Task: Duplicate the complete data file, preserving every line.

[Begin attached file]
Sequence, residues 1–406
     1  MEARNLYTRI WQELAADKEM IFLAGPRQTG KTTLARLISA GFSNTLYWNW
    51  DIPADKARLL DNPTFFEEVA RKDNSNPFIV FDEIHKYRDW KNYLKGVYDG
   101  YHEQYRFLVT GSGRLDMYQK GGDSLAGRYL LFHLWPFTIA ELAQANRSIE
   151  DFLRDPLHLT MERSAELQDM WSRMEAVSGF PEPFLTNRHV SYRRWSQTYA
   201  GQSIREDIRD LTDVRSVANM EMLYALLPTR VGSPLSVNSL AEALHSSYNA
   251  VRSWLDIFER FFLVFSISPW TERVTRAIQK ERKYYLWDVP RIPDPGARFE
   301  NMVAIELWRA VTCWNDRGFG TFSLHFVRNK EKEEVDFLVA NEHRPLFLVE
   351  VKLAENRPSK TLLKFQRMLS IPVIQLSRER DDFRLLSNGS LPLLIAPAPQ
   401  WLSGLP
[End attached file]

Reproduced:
Sequence, residues 1–406
     1  MEARNLYTRI WQELAADKEM IFLAGPRQTG KTTLARLISA GFSNTLYWNW
    51  DIPADKARLL DNPTFFEEVA RKDNSNPFIV FDEIHKYRDW KNYLKGVYDG
   101  YHEQYRFLVT GSGRLDMYQK GGDSLAGRYL LFHLWPFTIA ELAQANRSIE
   151  DFLRDPLHLT MERSAELQDM WSRMEAVSGF PEPFLTNRHV SYRRWSQTYA
   201  GQSIREDIRD LTDVRSVANM EMLYALLPTR VGSPLSVNSL AEALHSSYNA
   251  VRSWLDIFER FFLVFSISPW TERVTRAIQK ERKYYLWDVP RIPDPGARFE
   301  NMVAIELWRA VTCWNDRGFG TFSLHFVRNK EKEEVDFLVA NEHRPLFLVE
   351  VKLAENRPSK TLLKFQRMLS IPVIQLSRER DDFRLLSNGS LPLLIAPAPQ
   401  WLSGLP